To be sure, a growing appreciation of the benefits of diversification and other developments during this period may have further facilitated this shift. The example thus brings to the fore Cunningham’s quite legitimate concerns about the challenge of disaggregating intermediary influence. Yet, looking beyond the overall trend of growing institutional ownership to the types of funds that individual investors initially acquired—which were typically actively managed funds with fees that were significantly higher and performance typically below index funds—further supports the notion that the shift was at least in part a byproduct of intermediaries using their influence to maximize fees. More generally, disaggregating is difficult. Fee effects and intermediary influence are deeply embedded phenomena that cannot be disentangled from the complex ecosystems in which intermediaries operate. Moreover, there is meaningful overlap between intermediary influence and other—understood even if not eliminated—challenges, such as agency costs and collusion.
Attempting to further develop the role of intermediary influence in distorting markets and abet these distortions is thus one of the challenges ahead and should inform discussions of the resources that should be devoting to mitigating intermediary influence and the ways that we can use insights developed in other fields in furtherance of that project. At the same time, the correlation between the types of financial claims that individual investors hold and intermediary incentives is precisely the type of correlation that Intermediary Influence suggests ought to be taken seriously. The world is too messy for us to wait until a phenomenon can be isolated before acknowledging its power, particularly when there is so much evidence that is consistent even if overdetermined.
That the fixed brokerage fee model eventually broke down and fees fell accordingly also supports Cunningham’s claim competition is an important and powerful force limiting the capacity of intermediaries to indefinitely put their interests above their clients. On this front, it is important to distinguish the specific example Cunningham uses in support of his claim and the claim itself. In his essay, Cunningham persuasively shows that Berkshire Hathaway’s refusal to pay the excessive intermediary fees that drain value from so many other deals has contributed to its success and that, along with other advantages, enables Berkshire Hathaway to prevail at times in the competition for acquisitions. Yet, the example does more to convince me that all companies would be better run and all investors would be better off if Berkshire Hathaway represented the norm rather than the exception in its operations. While Cunningham persuasively argues in his recent book, “Berkshire Beyond Buffett,” that there are dozens of Berkshire executives running its vast network of subsidiaries who successfully apply the Buffett’s strategy (many both before and after joining Berkshire), we are not yet at the point where we can reliably clone more investors like Warren Buffett. Shifting to the more general point, competition, the value of a good reputation, and other market forces do play important roles limiting intermediaries’ tendency to use their influence in self-serving ways. This not only limits the costs of intermediary influence, it also informs the type of mechanisms that are most likely to be effective in efforts to further reign in those costs. In particular, altering the type of transparency requirements imposed and otherwise bolstering the capacity of competition and reputation to counteract intermediaries’ self-serving tendencies will often be the most important and productive ways to address intermediary influence. The reason that these market forces need an extra boost are myriad but many flow from the same challenges—the informational and positional advantages that intermediaries regularly enjoy coupled with the pervasiveness of industry structures conducive to collusion and other forms of cooperation—that give rise to intermediary influence and fee effects. Moreover, as I highlight in Fee Effects, there are specific reasons to suspect that reputation in particular will be a far less effective constraint than commonly believed. As a starting point, bad behavior must be identified as such to result in any harm to an actor’s reputation and the subsequent performance of any financial asset is a very noisy indicator of the quality of initial recommendations to acquire that asset. Additionally, parties who rely on intermediaries that themselves depend on maintaining a reputation for being sophisticated and adept are unlikely to broadcast an intermediary’s bad behavior for they will not want to publicize that they have been duped.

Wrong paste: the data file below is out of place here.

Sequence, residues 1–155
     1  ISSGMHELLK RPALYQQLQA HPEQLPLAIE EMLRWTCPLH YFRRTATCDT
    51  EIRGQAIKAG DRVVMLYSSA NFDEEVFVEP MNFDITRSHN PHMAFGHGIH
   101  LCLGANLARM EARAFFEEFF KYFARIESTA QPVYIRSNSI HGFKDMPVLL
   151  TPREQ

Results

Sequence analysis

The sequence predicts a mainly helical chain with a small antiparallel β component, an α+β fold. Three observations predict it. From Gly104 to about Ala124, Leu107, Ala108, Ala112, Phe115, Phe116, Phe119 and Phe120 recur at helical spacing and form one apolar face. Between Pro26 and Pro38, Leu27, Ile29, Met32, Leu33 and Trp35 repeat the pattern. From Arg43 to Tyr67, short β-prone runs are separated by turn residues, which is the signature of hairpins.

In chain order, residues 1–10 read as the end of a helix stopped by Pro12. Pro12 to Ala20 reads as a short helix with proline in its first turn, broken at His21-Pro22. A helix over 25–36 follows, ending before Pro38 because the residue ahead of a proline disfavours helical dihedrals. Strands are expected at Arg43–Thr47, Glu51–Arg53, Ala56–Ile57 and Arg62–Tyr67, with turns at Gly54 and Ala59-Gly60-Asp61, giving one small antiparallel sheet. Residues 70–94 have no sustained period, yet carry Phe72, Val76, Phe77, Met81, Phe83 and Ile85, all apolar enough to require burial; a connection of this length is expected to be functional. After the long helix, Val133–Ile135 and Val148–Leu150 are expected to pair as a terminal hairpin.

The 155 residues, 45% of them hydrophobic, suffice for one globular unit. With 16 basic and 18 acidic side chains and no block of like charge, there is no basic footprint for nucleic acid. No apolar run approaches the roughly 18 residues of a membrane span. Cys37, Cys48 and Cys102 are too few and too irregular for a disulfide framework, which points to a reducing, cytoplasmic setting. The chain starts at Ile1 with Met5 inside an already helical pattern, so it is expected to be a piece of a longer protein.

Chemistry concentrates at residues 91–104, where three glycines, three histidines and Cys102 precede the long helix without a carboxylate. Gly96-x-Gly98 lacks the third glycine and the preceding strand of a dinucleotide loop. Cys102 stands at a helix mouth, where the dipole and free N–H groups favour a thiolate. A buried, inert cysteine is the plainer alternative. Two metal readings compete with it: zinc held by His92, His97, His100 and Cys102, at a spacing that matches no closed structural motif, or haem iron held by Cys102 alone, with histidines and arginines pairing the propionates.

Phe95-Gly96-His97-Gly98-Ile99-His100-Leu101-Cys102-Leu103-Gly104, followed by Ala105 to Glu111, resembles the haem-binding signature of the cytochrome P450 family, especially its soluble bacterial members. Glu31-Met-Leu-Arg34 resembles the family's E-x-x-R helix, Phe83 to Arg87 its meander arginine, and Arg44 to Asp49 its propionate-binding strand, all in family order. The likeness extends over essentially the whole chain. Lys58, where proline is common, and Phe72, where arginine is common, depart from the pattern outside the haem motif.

While there is much more to say on all of these topics, I hope this back and forth has been half as much fun for our readers as it has been for me. I look forward to continuing the conversation and to hearing other voices chime in on these important issues.
 Lawrence A. Cunningham, Intermediary Influence and Competition: Berkshire versus KKR, 82 U Chi L Rev Dialogue 177, 180 (2015).
The preceding post comes to us from Kathryn Judge, Associate Professor of Law and Milton Handler Fellow at Columbia Law School.